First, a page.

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Help! My dog is itchy, Fortitude Valley Vet.



Skin Problems are probably one of the most likely reasons why your cuddly four-legged companion would need to see a vet. Diesel, my white staffy, isn't spared from this annoying issue. He's been showing signs of sensitivity since his 2nd year, and it's been something that requires active management.

How to stop my dog from scratching itself, Fortitude Valley Vet?



It is important to note that you cannot cure skin allergies. You have to manage them with appropriate medication and lifestyle changes.

Skin problems can range from mild itching to severe fur loss with inflamed/infected skin. However most skin problems are attributed to allergic reactions and bacteria infection is commonly secondary to this.

Here at Fortitude Valley Vet, the three common allergies seen in dogs are:


  • flea allergy dermatitis, 
  • food allergy  and
  • atopic dermatitis 

Note that your dog's skin problems may also be contact dermatitis or be insect hypersensitivity.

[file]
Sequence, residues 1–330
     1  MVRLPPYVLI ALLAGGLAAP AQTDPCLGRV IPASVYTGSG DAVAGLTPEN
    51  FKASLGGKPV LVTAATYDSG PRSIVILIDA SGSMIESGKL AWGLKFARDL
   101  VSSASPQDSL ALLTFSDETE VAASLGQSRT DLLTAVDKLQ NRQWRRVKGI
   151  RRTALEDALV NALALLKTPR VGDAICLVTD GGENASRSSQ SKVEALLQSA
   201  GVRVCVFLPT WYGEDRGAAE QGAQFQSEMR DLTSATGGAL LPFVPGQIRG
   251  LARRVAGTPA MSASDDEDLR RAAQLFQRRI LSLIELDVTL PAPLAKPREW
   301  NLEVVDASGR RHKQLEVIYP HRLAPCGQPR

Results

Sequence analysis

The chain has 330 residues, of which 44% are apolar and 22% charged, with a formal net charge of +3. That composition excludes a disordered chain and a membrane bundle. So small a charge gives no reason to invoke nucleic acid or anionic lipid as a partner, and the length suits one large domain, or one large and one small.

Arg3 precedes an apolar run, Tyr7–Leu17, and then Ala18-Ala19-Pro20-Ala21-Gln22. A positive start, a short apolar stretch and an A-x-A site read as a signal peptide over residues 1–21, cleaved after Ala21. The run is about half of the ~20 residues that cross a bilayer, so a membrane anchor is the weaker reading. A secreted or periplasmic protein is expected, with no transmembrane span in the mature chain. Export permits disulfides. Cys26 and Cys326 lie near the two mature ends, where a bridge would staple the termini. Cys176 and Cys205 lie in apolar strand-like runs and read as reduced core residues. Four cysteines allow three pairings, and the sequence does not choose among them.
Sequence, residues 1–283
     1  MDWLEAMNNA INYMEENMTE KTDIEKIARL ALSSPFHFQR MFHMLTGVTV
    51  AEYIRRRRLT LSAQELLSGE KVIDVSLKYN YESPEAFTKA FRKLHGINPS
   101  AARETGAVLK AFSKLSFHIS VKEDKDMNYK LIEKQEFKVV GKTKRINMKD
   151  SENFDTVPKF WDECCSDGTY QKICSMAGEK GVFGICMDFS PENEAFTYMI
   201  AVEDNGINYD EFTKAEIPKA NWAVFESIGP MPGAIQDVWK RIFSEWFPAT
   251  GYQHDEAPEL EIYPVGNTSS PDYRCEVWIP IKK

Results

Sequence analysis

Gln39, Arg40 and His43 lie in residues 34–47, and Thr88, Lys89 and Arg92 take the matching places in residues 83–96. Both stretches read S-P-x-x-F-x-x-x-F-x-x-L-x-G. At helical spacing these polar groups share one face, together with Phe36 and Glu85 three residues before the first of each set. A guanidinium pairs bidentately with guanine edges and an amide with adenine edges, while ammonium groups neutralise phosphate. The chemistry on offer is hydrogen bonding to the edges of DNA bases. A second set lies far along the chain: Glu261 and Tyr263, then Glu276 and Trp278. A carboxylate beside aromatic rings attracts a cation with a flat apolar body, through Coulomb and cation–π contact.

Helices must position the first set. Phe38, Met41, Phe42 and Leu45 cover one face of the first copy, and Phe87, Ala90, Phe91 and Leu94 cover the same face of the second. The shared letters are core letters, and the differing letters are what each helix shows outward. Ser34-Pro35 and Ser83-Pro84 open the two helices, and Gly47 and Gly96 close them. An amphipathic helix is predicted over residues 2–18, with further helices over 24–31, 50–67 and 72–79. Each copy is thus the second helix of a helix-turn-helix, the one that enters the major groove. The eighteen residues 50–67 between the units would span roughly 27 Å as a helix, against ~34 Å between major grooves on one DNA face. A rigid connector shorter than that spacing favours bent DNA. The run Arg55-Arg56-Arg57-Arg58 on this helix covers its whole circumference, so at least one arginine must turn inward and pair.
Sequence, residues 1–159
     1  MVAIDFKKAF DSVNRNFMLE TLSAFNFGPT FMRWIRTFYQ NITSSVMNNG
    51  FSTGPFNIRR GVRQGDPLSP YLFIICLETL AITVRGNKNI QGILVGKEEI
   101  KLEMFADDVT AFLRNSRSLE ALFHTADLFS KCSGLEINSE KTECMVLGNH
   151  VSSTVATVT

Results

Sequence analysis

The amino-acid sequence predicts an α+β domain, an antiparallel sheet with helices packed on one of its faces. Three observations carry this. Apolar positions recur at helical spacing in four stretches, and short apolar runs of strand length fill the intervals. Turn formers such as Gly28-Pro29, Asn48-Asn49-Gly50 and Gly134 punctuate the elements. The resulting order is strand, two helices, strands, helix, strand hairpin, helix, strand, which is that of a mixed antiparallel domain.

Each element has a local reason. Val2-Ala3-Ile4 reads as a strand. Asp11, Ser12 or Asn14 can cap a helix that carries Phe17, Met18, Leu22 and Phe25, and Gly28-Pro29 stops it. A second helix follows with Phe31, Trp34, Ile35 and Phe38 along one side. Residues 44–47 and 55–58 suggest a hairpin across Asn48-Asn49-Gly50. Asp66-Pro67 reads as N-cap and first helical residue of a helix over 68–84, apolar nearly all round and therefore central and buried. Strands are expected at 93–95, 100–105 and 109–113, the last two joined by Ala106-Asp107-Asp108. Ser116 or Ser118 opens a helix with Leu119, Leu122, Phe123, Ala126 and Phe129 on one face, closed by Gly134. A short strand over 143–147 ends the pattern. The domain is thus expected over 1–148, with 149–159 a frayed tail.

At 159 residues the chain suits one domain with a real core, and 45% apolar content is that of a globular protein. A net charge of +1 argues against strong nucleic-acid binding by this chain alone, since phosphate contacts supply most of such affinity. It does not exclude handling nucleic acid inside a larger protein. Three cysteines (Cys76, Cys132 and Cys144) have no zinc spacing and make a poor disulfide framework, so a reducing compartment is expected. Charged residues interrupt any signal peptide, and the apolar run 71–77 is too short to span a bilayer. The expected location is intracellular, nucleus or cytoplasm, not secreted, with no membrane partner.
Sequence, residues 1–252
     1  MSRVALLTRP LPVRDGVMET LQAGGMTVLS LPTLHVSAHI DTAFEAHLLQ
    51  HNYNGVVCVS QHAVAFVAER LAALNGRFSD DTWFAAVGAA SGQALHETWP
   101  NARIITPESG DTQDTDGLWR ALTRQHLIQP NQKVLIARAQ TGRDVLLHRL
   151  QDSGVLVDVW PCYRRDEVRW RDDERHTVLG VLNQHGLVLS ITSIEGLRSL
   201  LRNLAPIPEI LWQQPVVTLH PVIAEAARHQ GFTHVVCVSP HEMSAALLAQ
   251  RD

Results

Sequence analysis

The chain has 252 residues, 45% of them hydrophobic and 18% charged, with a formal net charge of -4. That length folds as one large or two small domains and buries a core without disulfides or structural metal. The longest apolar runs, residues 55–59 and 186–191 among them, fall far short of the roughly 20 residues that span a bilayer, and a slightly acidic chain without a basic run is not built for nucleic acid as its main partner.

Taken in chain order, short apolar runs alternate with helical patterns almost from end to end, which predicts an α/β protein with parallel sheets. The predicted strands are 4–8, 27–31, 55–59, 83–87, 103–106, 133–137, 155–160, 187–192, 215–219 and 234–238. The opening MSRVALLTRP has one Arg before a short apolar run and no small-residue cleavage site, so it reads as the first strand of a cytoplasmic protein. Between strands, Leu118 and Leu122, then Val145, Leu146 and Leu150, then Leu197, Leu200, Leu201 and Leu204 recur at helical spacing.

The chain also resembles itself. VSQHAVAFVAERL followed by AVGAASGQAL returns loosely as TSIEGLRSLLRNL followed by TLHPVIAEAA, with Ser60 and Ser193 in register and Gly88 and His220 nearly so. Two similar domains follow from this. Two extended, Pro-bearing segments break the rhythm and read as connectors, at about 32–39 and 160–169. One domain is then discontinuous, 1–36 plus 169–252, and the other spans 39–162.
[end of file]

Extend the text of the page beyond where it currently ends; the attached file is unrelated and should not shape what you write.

Usually, if your dog has recurring skin problems that do not seem to go away, it is likely to be caused by one of the three allergies above (or even a combination of the three).

To have a good idea of which specific allergy your pet is most likely to be suffering from, consider the following 4 points:

  1. Age of onset – Atopic dermatitis tends to happen when your furry kid is about 6 months to 6 years of age. Food allergy can happen at any time whether a dog is young or old.
  2. Site of the Allergy - Flea allergy dermatitis tends to cause symptoms from “the pants down”. You will see problems in the lower half of the body including the base of the tail, tummy and groin. Atopic dermatitis and food allergy are similar in presentation except for one difference – food allergy can have gastrointestinal symptoms such as vomiting and diarrhoea. Both type of allergies are mostly confined in the upper body and include the face, ears, feet and armpit.
  3. Seasonality – Are the skin problems worse in spring and summer? Seasonal skin itchiness tends to be caused by flea allergy dermatitis or atopic dermatitis (genetic predisposition to developing a reaction to say, pollen - a common seasonal allergen). Grass and tree pollen in spring and weed pollen in summer and autumn can trigger skin problems in dogs.
  4. Response to corticosteroids – Flea allergy dermatitis and atopic dermatitis often respond well to steroidal medication but food allergies yield variable results.

I hope this gives you a fair idea what your doggy might be suffering from. Some dogs can have all of the above allergies or just one of them.

Stay tune for tomorrow's blog on treatment options for Itchy Skin.

If you have further questions, come see us at Fortitude Valley Vet, Emporium, Brisbane. 07 3216 0045